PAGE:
Each chemotherapy is made up for each individual patient, depending on the type of cancer they have and where it is and depending their height, weight and blood results.
So, depending on where your cancer is some people have their chemotherapy drug, their cancer drug by drip, some will have an injection and other people will have tablets.
So, Iris, your chemotherapy is going to be given to you in what we call cycles and the cycles are given every three weeks for a period of six cycles. So, you will be coming in for approximately five months for your chemotherapy.
Depending on where your cancer is and what type of cancer you have will be dependent on how often you come in for treatment. An example of a treatment cycle would be for you to come in on Day 1, Day 8 and Day 15 then to have a week’s break before you come back again for Day 1 treatment.
Depending on the type of treatment that you are having we will also give you some anti sickness tablets to take alongside your chemotherapy and also some drugs to prevent any reactions if that’s appropriate.
All chemotherapy is given over different time periods so it’s best to check with your nurse about how long you are likely to be in the unit for. This can range from anything up to an hour to an all day treatment slot so please be prepared to bring along some bits to keep you occupied books and music.
So, before you go home it’s important to make sure you have got the tablets you need to go home with your anti sickness medications and any other symptom control tablets that you may require. Also, to make sure that you’ve got the telephone numbers for the oncology unit to phone if you have a temperature or you are experiencing any other symptoms at home that you need to ask advice about.
So, please make sure when you leave the unit that you’ve got all the information you require and if you’ve got any questions at all don’t hesitate to ask the nurse who will be able to answer them for you.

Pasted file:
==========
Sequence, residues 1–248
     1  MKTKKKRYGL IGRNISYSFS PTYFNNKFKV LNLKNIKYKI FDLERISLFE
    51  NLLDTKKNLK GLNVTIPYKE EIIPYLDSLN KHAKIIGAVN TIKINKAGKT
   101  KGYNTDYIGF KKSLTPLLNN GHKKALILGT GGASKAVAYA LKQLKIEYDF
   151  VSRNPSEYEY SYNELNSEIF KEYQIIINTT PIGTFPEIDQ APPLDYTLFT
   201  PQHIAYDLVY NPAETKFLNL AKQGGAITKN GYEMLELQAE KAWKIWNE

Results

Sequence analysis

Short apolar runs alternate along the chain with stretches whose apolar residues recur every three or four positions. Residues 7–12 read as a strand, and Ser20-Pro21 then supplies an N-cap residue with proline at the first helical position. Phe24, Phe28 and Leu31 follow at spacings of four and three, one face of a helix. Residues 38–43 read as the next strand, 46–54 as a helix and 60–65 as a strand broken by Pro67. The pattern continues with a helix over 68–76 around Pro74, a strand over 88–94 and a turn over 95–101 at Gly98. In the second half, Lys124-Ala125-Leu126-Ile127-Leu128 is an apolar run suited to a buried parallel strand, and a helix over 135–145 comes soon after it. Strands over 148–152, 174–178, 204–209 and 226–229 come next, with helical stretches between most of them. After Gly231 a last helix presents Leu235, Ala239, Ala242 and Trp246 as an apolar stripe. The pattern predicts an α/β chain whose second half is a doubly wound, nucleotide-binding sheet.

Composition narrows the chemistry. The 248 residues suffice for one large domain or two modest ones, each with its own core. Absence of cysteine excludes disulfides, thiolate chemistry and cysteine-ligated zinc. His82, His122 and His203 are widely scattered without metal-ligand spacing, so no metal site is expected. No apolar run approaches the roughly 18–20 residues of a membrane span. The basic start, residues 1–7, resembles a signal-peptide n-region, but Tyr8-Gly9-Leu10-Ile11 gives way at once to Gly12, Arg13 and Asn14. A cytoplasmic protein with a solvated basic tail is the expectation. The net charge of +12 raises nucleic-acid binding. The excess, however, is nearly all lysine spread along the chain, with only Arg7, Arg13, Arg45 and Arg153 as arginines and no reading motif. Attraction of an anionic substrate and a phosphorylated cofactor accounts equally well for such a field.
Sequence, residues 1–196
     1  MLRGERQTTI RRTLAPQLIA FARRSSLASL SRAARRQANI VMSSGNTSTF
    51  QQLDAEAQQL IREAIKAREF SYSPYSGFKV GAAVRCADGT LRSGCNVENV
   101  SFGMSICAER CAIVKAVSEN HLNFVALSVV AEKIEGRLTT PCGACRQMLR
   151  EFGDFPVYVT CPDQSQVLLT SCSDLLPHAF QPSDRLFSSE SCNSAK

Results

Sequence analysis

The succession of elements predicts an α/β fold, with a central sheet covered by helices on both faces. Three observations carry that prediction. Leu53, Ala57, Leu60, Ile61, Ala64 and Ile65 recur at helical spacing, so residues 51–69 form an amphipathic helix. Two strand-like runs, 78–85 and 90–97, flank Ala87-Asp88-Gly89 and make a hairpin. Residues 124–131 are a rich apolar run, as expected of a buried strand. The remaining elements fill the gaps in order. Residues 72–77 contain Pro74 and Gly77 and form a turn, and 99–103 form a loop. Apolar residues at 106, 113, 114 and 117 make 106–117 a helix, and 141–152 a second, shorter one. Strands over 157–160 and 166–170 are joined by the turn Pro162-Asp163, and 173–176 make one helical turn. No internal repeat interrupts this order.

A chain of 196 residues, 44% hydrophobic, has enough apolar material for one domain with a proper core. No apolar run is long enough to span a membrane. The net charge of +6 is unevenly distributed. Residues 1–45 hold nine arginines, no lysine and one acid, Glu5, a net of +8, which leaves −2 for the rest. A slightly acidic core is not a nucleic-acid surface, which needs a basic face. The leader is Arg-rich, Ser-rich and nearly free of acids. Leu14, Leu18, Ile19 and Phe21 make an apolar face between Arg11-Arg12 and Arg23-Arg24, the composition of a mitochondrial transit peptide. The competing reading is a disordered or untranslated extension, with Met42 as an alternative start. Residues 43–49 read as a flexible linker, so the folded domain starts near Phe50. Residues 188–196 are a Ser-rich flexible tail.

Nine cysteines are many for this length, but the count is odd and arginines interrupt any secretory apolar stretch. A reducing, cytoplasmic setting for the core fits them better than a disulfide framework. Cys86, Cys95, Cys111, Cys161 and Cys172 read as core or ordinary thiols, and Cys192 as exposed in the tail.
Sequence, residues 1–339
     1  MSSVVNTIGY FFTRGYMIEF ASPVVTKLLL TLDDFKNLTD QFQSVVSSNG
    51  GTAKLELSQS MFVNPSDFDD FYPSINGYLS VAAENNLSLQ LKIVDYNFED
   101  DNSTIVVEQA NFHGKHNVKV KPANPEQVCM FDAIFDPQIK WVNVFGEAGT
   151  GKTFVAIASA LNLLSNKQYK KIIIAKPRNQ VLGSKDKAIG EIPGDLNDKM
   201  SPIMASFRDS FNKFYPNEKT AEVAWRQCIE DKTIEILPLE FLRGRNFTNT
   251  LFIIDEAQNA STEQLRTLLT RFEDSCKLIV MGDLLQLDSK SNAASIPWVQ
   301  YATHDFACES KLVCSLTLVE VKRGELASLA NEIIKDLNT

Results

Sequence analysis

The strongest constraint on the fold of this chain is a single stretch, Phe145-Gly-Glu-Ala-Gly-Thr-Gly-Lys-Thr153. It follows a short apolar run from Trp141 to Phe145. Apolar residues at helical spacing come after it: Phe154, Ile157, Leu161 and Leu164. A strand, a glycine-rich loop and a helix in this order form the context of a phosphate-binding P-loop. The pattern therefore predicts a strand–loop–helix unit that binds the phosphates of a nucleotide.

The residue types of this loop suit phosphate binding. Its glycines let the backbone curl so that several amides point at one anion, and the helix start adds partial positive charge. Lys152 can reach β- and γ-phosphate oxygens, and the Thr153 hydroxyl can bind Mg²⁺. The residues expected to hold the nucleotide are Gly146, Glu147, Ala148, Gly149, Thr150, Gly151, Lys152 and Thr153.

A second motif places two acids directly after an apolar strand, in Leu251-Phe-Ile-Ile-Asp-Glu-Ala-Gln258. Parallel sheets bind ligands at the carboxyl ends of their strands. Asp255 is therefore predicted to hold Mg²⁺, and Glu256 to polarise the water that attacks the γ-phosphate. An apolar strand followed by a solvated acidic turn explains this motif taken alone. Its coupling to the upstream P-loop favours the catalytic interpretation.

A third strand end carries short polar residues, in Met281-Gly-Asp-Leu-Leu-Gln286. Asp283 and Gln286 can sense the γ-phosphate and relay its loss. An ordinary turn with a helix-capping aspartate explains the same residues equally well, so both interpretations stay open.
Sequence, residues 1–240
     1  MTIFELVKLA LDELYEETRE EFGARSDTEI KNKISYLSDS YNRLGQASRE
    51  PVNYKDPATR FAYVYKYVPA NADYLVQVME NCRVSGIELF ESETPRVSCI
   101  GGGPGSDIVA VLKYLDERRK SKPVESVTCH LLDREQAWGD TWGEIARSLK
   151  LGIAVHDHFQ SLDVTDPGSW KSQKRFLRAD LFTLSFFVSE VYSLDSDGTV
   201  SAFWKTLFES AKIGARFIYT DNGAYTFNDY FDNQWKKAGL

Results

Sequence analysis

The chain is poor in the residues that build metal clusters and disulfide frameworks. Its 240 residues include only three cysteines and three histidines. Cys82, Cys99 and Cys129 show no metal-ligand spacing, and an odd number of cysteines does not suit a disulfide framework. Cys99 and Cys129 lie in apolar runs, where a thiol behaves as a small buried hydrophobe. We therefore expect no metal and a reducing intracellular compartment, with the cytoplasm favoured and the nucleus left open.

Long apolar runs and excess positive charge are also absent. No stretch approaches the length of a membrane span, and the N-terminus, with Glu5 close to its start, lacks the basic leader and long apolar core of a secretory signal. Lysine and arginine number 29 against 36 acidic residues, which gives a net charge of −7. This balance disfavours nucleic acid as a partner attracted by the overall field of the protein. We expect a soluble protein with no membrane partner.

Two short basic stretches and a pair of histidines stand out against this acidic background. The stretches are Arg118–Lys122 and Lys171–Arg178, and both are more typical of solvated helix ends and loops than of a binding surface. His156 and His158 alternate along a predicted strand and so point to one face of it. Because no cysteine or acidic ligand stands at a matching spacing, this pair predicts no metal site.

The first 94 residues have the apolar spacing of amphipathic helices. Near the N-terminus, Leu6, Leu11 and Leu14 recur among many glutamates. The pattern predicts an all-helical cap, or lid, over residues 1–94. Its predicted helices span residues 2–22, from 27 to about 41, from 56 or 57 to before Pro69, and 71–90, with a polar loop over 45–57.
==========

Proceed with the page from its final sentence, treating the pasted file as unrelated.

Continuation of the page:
Before your next cycle of treatment you will come in and see the doctor in the clinic room, you’ll have a blood test and an examination to make sure you are fit and well for treatment you will then come back the following day or later on that week for treatment.
Before you start chemotherapy
You need to have blood tests to make sure it’s safe to start treatment. You have these either a few days before or on the day you start treatment. You have blood tests before each round or cycle of treatment.
The pharmacists make chemotherapy for each person individually. They do this once your blood test results have come through. It’s worked out based on your weight, height and general health.
Common chemotherapy side effects include:
- feeling sick
- loss of appetite
- losing weight
- feeling very tired
- a lower resistance to infections
- bleeding and bruising easily
Side effects depend on:
- which drugs you have
- how much of each drug you have
- how you react
Tell your treatment team about any side effects that you have.
Most side effects only last for the few days that you’re having the chemotherapy drugs. The team caring for you can help to reduce your side effects.
If you are still having periods (pre menopausal), chemotherapy can stop your ovaries from making the hormone oestrogen. This means you may have an early menopause and become infertile. This can be very difficult to cope with if you wanted to have a child in the future.
For some women, the ovaries begin to work again after treatment. This depends on your age when you have treatment, and the types of chemotherapy drugs you have. If you haven’t had a period a year after your treatment, unfortunately it’s not likely that your ovaries will recover.
Your doctor will talk to you before starting treatment about possible ways of preserving fertility.
When you go home
Chemotherapy for breast cancer can be difficult to cope with. Tell your doctor or nurse about any problems or side effects that you have. The nurse will give you telephone numbers to call if you have any problems at home.